Lack of social support was a risk factor for depression symptoms; pregnant women could direct the effects on depression of pregnant women.3 37 As an important social resource for pregnant women, social support function was a social determinant of mental health. Positive social support made people feel concerned, loved and valued, which could improve the quality of life of pregnant women and promote their mental health.38 39

Consistent with the results of previous studies, pregnant women with anxiety during pregnancy were more likely to suffer from depression symptoms.11 40 Depression and anxiety symptoms have similarities; therefore, they are often found to coexist.41 In addition, different emotional problems would affect each other, increasing the risk of other emotions.11


The limitations of this study were that cross-sectional data were used to determine the causal relationship between risk factors and depression, and there were options in the questionnaire that needed to be filled out by participants recalling the situations of the last week, month or year, meaning that there was recall bias. However, this questionnaire selected a measurement tool with certain reliability and validity to minimise this problem. Additionally, the data were from women in late pregnancy in an urban area of Hengyang city; thus, the results could not be extended to rural areas. However, due to the urbanisation process and intergenerational transfer process in China, this study had greater predictive significance. In addition, after screening pregnant women for depression symptoms, no further diagnosis and intervention was performed.


Our study reported that the prevalence rate of depression symptoms was 9.2% in pregnant women in Hengyang city. The influencing factors were age, relationship with the mother-in-law, mode of pregnancy, exercise during pregnancy, sleep quality, self-efficacy, social support and symptoms of anxiety symptoms. These findings suggested that the medical institutions should add mental health screening tools in pregnancy examinations to realise early discovery, early diagnosis and early treatment. When implementing maternal healthcare in medical institutions and community health service institutions, we should pay attention to the psychological status of pregnant women and provide them with targeted maternal health nursing.


The author would like to thank all members of the research team for their hard work in the process of research design and data collection and for the academic guidance and assistance of team members in the process of paper writing.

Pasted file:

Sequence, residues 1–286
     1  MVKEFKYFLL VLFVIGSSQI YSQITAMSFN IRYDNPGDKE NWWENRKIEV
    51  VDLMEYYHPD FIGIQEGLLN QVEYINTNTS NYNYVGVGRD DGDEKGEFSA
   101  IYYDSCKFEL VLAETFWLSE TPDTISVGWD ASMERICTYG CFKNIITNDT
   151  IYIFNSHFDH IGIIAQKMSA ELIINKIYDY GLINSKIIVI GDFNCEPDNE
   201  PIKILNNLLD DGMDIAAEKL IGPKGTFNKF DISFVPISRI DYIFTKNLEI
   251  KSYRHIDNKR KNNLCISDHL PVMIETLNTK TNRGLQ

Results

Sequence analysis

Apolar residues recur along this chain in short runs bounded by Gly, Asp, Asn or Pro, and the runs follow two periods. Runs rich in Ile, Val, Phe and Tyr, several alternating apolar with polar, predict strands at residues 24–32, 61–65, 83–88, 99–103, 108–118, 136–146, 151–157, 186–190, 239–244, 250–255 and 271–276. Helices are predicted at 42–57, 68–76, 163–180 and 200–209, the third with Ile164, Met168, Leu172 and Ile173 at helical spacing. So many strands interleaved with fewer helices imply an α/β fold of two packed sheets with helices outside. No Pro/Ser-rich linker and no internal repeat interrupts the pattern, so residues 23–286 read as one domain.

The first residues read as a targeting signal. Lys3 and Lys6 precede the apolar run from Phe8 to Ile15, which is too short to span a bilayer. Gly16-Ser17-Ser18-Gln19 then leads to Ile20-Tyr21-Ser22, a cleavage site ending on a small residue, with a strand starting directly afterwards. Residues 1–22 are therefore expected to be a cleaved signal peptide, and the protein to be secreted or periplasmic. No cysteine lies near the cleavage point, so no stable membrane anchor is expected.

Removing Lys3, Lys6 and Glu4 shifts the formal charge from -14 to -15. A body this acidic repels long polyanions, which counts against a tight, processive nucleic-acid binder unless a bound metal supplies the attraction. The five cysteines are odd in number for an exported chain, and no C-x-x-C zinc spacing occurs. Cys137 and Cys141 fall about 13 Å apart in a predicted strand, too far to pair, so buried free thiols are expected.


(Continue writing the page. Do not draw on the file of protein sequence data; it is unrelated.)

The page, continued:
• YY and XZ are joint first authors.

  • Contributors YY, XZ and ZH contributed to conceptualisation, methodology and software; YY contributed to data curation, writing, original draft preparation and reviewing; YY, XZ, ZH, WZ, BZ and SY contributed to visualisation and investigation; HX contributed to supervision.

  • Funding The authors have not declared a specific grant for this research from any funding agency in the public, commercial or not-for-profit sectors.

  • Disclaimer The views expressed in this article belong to the authors and are not to the official position of any other institution or funder.

  • Competing interests None declared.

  • Patient and public involvement Patients and/or the public were not involved in the design, or conduct, or reporting, or dissemination plans of this research.

  • Patient consent for publication Not required.

  • Ethics approval All respondents gave written informed consent before entering the study and volunteered for the survey. The study was approved by the Ethics Committee of the Xiangya School of Public Health, Central South University (XYGW-2019-056), prior to the field investigation.

  • Provenance and peer review Not commissioned; externally peer reviewed.

  • Data availability statement Data sharing not applicable as no datasets generated and/or analysed for this study. No additional data available.